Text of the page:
Starting a Garden … with Kids

The great thing about kids is their endless supply of wonder and energy. The bad thing about kids is minimal attention span and a deep seeded desire to play.

Kids are fantastic about getting excited for anything with you. So, when we started off Green Team by weeding… they were pumped! They wholeheartedly listened to my speech on how we need to tend to what has been left behind before we can do anything more or new. They intently focused as I informed them on the importance of commitment to watering and tending to our garden.

And, I learned within the first few weeks to cut it down, from an hour, to half hour sessions- to always leave them wanting more.

And here is why those things are important to start this piece with… kids are horrible. Kids do not want to sit and diligently plant seeds, or read the packet as to how to plant them, or even care for them once the activity of playing in the dirt is over. Children do not want to sweep up the extra dirt or throw away the empty seed packets. But one thing is for certain in all this mess: letting kids learn their own dirty lessons will bring them knowledge, joy, and essential experiences.

Yes- they will do it wrong. Yes- they will make a mess. Let them. They’re enjoying every moment of it. Just let them pick what to plant and where to haphazardly throw it in the garden. Let them accidentally drown out a whole tray. Remind them again and again to read the seed pack about how to care for the plants, then watch them ignore you and let the packet fall forgotten onto the ground. Show them EXACTLY how to take blooming flowers out of a pot, nestle the roots into a new hole at appropriate depth, and water when finished. And after that, watch them yank it out by the stem and drop it into a half inch hole they’ve made. It is okay.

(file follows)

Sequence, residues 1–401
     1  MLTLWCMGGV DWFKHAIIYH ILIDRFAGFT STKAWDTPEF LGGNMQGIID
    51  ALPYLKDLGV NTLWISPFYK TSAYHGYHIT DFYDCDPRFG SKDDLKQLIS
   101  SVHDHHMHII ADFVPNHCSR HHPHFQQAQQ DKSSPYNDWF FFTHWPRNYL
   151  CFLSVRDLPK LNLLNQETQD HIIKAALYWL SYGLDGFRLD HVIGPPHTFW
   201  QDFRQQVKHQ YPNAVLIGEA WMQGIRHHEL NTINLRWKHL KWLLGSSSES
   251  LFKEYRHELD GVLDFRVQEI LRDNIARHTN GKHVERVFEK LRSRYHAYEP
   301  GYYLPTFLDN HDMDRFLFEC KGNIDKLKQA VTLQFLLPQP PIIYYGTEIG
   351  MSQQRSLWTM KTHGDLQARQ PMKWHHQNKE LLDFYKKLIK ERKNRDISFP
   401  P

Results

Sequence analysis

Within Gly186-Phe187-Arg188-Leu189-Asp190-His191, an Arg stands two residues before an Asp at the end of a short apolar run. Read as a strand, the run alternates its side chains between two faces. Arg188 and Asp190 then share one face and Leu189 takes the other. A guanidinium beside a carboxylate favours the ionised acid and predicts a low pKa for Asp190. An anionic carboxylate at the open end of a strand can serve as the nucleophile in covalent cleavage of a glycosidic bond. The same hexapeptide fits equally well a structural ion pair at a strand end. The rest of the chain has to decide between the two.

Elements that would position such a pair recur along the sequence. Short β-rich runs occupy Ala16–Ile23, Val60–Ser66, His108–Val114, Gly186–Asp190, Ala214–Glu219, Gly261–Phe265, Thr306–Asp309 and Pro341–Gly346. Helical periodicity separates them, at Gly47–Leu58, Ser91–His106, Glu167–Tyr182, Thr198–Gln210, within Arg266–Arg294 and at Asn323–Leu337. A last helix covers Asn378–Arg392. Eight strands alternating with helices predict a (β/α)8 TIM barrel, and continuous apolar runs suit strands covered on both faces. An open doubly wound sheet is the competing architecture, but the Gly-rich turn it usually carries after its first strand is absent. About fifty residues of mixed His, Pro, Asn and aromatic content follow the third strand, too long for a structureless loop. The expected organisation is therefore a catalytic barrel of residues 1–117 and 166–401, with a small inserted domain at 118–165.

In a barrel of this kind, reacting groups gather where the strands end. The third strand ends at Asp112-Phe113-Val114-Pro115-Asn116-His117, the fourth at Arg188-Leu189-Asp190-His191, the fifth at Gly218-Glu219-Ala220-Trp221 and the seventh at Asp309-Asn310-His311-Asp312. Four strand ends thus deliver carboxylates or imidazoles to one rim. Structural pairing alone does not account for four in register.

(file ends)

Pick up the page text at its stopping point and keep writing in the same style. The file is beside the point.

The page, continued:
These are all lessons, and even if your thoughts begin to sway, remember that children very rarely get to make choices for themselves in such a dramatic way. Know that they appreciate the opportunity to have an experience and to watch growth happen before them because THEY created it and worked on it. Let them have ownership over their mistakes and triumphs- lessons often forgotten in a school setting only looking through the filter of behavior and grades.

The best gardeners, dancers, singers, workers, and artists: THOSE are the kids who can’t control their behavior, fail grades, and repeatedly are told they aren’t good enough. Let them plant a damn seed. Have them watch it grow and produce. Help them feel proud, worthy, and powerful. And remind them of their brain- call the activities science experiments. Stick a wet paper towel and some beans in a Ziploc baggie and tape it to a window. Just do it. They will love it. No matter the age or attention span. Wait a few days, then watch their eyes shine as they discover sprouts in their bag.

Kids need life lessons. Education teaches them from the textbook, but children (especially those I work with in impoverished neighborhoods) need varied experiences to get a step up in life. Children need to know about botany, environmental respect, patience, reading instructions, sharing, working together, commitment, philanthropy, the sweat of carrying water and soil, and how to care about listening to another person speaking.

Let them make a mess. It will take you a few minutes to sweep up. They will love the experience and just the smallest amount of true education will have occurred.


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